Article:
• Resources are back! Use the menu in the main navbar. If you own a resource, please check it for formatting, icons, etc.

5E New Eberron Book Details From WotC

WotC’s Jeremy Crawford appeared on Twitch last night with Bart Carroll, discussing the upcoming D&D setting book Eberron: Rising from the Last War. Lots of details within!

ED746060-9834-4FFF-A8DB-F1B39F19E486.jpeg


- Overview of Eberron, emphasized potentials for adventure and post-WWI pulp style of setting.

- Dragonmarked Houses as fantasy Corporations, playable Dragonmarked characters as race rules in the book

- Rules and stories for playing, Warforged, Changlings, Kalsthar, Shifters, Goblins, Hobgoblins, Bugbears, Orcs. Playable Orc is different fro mthe Volo's Guide rules to reflect the different story (no intelligence malus, few other tweaks, still usable for other worlds, these are PC Orcs as opposed to Monster Manual Orcs like Volo's).

- Full rules for the Artificer, including a new feature in this book for making Common and Uncommon magic items

- Aberrant Dragonmark Feats are in the book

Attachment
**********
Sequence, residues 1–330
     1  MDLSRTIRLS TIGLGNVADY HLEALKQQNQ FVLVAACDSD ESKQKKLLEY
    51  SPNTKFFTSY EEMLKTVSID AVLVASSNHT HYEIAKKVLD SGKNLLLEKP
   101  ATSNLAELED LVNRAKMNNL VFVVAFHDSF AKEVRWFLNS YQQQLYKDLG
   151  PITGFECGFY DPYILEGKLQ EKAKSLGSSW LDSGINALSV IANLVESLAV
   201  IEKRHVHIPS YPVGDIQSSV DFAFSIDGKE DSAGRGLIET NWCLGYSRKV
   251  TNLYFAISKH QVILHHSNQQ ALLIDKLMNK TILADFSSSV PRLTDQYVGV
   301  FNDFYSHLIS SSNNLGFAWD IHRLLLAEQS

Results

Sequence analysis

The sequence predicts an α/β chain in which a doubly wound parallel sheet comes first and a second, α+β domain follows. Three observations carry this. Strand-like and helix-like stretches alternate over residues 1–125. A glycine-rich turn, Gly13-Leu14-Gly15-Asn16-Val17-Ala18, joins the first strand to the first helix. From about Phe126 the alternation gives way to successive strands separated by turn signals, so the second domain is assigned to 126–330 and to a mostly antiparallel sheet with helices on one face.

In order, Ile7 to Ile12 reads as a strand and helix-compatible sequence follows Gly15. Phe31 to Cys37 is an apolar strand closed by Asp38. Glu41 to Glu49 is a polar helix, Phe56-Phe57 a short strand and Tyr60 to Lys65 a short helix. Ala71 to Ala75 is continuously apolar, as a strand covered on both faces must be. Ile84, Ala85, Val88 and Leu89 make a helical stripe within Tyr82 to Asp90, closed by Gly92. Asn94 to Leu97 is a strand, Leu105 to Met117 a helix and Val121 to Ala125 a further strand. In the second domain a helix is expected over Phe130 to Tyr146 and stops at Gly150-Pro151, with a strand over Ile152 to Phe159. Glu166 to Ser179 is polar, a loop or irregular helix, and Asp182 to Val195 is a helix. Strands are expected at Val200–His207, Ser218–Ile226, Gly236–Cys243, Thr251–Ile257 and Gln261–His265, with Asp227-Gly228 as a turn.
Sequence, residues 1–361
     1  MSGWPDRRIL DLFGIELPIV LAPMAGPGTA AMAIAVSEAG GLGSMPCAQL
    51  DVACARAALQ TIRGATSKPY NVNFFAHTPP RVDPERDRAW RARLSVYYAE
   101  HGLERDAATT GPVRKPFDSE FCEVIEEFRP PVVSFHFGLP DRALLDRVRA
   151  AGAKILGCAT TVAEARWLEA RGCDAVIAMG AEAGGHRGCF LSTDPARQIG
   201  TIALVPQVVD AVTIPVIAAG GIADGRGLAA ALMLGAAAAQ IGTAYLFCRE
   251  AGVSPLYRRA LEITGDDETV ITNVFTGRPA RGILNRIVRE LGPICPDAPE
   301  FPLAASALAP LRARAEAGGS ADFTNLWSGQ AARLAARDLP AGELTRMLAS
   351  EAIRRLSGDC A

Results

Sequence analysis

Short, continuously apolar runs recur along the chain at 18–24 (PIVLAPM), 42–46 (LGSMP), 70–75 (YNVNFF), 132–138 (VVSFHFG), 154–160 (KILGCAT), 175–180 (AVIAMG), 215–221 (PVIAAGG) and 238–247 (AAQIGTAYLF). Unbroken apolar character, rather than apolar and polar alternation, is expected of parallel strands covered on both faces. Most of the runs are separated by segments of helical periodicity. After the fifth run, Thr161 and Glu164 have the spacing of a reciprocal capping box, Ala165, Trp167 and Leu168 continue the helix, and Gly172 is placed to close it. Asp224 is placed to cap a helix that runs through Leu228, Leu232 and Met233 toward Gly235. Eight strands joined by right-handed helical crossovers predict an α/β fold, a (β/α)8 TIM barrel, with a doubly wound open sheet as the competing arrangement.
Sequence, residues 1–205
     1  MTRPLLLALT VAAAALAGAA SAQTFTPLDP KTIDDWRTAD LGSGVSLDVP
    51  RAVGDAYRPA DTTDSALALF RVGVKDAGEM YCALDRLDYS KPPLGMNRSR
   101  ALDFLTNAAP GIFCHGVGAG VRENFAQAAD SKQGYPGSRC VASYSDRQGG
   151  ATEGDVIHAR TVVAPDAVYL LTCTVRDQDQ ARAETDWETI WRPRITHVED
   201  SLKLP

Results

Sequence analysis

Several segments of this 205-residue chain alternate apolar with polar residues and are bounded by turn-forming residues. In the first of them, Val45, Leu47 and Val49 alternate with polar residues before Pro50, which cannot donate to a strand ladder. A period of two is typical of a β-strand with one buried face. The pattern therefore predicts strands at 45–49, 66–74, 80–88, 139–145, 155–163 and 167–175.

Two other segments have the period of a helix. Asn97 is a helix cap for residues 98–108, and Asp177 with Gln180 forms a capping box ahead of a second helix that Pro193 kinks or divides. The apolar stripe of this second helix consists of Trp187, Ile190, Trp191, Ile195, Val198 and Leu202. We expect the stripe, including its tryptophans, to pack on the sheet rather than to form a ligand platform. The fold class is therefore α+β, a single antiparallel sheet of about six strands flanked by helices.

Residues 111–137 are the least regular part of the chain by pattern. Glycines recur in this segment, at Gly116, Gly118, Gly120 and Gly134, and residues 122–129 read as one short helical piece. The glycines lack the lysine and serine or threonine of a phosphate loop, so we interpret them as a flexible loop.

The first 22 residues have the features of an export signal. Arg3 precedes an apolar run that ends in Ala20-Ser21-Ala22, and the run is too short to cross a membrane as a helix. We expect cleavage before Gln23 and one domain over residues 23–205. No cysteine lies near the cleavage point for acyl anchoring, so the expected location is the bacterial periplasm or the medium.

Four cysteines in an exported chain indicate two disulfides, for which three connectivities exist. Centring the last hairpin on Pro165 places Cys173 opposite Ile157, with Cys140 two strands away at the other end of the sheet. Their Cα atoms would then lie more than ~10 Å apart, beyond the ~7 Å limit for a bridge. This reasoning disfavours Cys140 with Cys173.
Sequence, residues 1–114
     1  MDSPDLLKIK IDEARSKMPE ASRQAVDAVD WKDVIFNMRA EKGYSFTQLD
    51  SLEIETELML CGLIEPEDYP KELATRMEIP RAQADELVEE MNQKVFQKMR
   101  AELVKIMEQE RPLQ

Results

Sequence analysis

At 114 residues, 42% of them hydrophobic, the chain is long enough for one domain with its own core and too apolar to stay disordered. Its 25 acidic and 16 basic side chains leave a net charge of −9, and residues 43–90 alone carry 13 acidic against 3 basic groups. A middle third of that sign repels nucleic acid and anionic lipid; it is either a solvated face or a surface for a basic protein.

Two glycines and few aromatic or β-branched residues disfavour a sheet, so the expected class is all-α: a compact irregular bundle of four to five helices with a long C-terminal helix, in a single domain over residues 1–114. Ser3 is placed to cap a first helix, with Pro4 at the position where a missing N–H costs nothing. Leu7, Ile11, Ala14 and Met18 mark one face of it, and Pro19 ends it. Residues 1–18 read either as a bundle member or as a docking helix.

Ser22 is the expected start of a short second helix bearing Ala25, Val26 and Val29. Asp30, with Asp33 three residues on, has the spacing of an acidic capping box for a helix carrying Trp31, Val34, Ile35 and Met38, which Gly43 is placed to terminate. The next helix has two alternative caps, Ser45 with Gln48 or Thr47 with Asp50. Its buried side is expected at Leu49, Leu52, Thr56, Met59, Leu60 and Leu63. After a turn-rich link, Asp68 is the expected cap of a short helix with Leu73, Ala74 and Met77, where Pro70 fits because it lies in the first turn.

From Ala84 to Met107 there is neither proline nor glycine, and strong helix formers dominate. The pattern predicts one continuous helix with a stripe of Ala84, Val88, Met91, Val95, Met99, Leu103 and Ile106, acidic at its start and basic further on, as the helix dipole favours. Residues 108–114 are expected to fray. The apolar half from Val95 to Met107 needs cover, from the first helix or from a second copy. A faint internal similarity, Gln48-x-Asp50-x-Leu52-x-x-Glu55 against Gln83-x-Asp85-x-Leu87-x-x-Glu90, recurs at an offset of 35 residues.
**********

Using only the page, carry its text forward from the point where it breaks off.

- Group patron rules for organizations the late 19th-early 20th century style: newspapers, criminal syndicates, universities, spy rings: fourth choice after Race-Class-Background that the party makes together, has new fluff background features to give characters and adventure hooks

- Possibility of the party becoming their own patron, example being creating your own Crime Syndicate

- All of the above is Chapter 1 material

- Chapter 2 is a Gazeeter of Korvaire and the world: delves into great nations, the religions, touches on otehr continents

- Chapter 3 is a zoom in on Sharn, a microcosm of the setting, great place for Noir intrigue

- Chapter 4 is a 100 page adventure creation toolkit comparable to Guildmaster's Guide to Ravnica: wealth of adventure building tables, maps, organization information, first level adventure set in Sharn. Reveals brand new information about the Mournland, for instance, during the war they created not just regular Warforged and Warforged Titans but also Warforged Colossi the size of skyscrapers: one of the maps is of a fallen Warfored Colossi as a dungeon @doctorbadwolf

- Section in "massive" chapter for creating adventures about Eberron's cosmology, and how it relates to Great Wheel multiverse, left to DM to decide how sealed off Eberron is by the Progenitor Dragons

- There are extended magical item economy rules in chapter 5, Common magical items are plentiful: buying, selling, crafting rules and price lists.

- Eberron specific monsters and NPCs in the sixth and final chapter, covering things like Daelkyr, Living Spells (3 different Living Spells in the book including Living Cloud Kill, and a template for making more) and various specific NPCs

 
Last edited by a moderator: